Langkawi seemed like a beautiful island, although we didn’t see much of it. It rained most of the time we were there, even though it wasn’t the rainy season. Once there we suddenly realized that we were coming short of money (of Malaysian currency that is). We knew then that if we stayed on the island we wouldn’t have anything left when we reached the mainland and banks would be closed because of the weekend. And Langkawi was such a peaceful little island that there were no banks. We spent most of a morning trying to find someone who could/would convert a $10 U.S. Traveler’s Cheque to Malaysian dollars. We finally succeeded about 11:00 a.m., after which we could finally relax.
We were still coming across very hospitable people … although our last two stays before Langkawi weren’t with Malaysians. By the time we got into Alor Star, the last big town in northern Malaysia, it was late and we were quite tired! We located the Methodist minister we’d been given the name of (an Irishman), who gave us cold drinks, invited us to supper, and later invited us to spend the night with him and his family. They had two small boys; both adopted. The 4-year old apparently had cerebral palsy, making his speech almost impossible to understand and making him very clumsy. The worst part, however, was that he was hyperactive and couldn’t sleep through the night. So he woke up screaming, and it took his mother hours to get him back to sleep.
We really enjoyed visiting with this couple. The women talked about the children, and the minister and I talked about political and racial problems in Malaysia. We were invited to spend an extra day or two with them, and we would’ve enjoyed staying. We felt, however, that they had enough problems without us, so we moved on.
The next day we headed for the town where we were to take a boat to the island of Lankawi. About 5:00 p.m. we were passing through this town when an Anglo and two Malay children passed us on a motor scooter. We commented then that he looked like a Peace Corps volunteer. A few minutes later he came up behind us again and asked where we were going. When we explained, he said his house was about as far from the port as the town was, and he invited us to spend the night with him. He lived by himself, but his best friend’s wife was preparing a feast for him. So we got a very good Malay supper. (Their meals usually seemed very hot to us … they love curries … but they left the hot spices out because they knew we probably couldn’t eat the curry with the spices) The volunteer (he turned out to be a Peace Corps volunteer) had only one room, with just a mattress for his bed, but he gave us the mattress and slept on the floor. Before we met the volunteer, we hoped that we would get to spend one more night in a Malay home; still his invitation was most welcomed.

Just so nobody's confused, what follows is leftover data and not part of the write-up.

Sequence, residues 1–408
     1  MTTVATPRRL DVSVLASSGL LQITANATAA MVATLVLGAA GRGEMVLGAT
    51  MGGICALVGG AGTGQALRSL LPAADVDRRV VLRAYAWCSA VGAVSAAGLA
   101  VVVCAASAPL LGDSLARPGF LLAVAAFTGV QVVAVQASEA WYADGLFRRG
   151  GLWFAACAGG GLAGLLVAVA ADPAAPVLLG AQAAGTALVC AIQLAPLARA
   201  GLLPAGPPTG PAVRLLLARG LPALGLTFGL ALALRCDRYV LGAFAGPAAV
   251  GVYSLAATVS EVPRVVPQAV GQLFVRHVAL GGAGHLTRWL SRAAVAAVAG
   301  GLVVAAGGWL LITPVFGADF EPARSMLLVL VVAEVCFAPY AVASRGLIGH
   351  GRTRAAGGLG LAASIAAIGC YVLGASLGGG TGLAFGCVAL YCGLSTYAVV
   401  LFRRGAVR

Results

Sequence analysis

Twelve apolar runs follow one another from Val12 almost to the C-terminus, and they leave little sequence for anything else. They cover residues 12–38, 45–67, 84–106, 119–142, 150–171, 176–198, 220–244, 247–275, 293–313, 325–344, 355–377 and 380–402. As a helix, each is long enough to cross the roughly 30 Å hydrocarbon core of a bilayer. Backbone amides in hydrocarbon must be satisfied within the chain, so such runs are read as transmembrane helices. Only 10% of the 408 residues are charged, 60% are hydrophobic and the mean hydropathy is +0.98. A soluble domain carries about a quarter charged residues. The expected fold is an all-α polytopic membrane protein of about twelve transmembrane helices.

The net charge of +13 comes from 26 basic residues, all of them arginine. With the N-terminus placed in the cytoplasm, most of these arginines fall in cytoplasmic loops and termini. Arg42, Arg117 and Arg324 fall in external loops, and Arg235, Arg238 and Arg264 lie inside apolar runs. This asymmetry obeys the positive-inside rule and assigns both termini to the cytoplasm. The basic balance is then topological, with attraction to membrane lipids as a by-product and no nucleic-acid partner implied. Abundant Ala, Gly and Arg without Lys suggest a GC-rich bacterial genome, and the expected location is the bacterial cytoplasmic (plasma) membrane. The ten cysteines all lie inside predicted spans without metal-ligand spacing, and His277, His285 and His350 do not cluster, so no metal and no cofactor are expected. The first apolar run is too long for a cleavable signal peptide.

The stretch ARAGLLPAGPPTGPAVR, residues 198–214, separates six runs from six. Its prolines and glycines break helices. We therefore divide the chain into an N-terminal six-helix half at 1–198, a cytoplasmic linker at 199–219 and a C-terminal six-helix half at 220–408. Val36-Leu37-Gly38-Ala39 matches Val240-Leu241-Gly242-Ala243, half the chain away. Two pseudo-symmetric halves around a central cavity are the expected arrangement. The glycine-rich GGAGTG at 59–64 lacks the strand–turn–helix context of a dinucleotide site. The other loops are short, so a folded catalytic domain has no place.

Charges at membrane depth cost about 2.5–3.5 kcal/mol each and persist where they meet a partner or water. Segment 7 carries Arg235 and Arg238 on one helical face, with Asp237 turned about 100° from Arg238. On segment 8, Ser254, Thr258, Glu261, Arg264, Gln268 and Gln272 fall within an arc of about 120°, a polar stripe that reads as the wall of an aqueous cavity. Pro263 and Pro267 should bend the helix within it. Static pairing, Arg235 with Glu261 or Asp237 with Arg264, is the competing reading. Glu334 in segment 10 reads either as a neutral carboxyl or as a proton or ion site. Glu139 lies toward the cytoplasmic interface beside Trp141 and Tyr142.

Now we had a border to look forward to and were hoping the change wouldn’t be too sudden … that maybe enough Thais crossed into Malaysia and enough Malaysians into Thailand to keep the change from been too drastic. We were sure, however, that less English would be spoken in Thailand so that we’d have to get to work right away and learn Thai expressions. We had no idea then that we’d be dealing with a tonal language once we crossed the border.
1. Ray Hubener. Before we left Manila, we received two letters from Ray Hubener urging us to join him in Bangkok. Ray was a friend of mine from Baylor University. He was the friend who appeared at our door in Manila and lived with us there for a while.
Ray wrote that he wished that we were in Bangkok and that he had met all of the people in theater there. According to him they were “all so traditional-minded or unimaginative” or only wanted to do “pleasant little commercial crap,” yet he felt that, though there were many limitations, as far as thinking and conditions, the sky was still the limit. He wrote that theater there “needed” directors: there were two amateur western theatre groups and one amateur Thai theater group, all needing directors, but did not pay. Ray was also offered a drama teaching job at in an American High school and had heard that another university was starting a drama department. But while he thought opportunities in Bangkok were very good, he also offered a cautionary note. He didn’t want me to think that it was a heaven for dramatist there, it was not, but it had opportunities that he was excited about.